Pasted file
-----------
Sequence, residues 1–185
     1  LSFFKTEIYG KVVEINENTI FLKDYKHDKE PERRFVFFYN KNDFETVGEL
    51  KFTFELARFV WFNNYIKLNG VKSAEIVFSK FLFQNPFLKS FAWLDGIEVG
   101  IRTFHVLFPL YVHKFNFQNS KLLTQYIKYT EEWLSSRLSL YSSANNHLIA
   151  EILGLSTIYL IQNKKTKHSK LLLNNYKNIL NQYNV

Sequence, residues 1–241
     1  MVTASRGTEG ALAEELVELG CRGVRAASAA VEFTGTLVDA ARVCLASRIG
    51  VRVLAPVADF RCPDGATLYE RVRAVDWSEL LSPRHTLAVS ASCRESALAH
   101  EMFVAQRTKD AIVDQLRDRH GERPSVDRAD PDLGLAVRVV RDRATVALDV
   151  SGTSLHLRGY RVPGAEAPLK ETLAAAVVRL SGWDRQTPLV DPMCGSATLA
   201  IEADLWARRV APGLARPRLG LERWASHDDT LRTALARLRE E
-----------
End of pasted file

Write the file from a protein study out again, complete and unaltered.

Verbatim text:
Sequence, residues 1–185
     1  LSFFKTEIYG KVVEINENTI FLKDYKHDKE PERRFVFFYN KNDFETVGEL
    51  KFTFELARFV WFNNYIKLNG VKSAEIVFSK FLFQNPFLKS FAWLDGIEVG
   101  IRTFHVLFPL YVHKFNFQNS KLLTQYIKYT EEWLSSRLSL YSSANNHLIA
   151  EILGLSTIYL IQNKKTKHSK LLLNNYKNIL NQYNV

Sequence, residues 1–241
     1  MVTASRGTEG ALAEELVELG CRGVRAASAA VEFTGTLVDA ARVCLASRIG
    51  VRVLAPVADF RCPDGATLYE RVRAVDWSEL LSPRHTLAVS ASCRESALAH
   101  EMFVAQRTKD AIVDQLRDRH GERPSVDRAD PDLGLAVRVV RDRATVALDV
   151  SGTSLHLRGY RVPGAEAPLK ETLAAAVVRL SGWDRQTPLV DPMCGSATLA
   201  IEADLWARRV APGLARPRLG LERWASHDDT LRTALARLRE E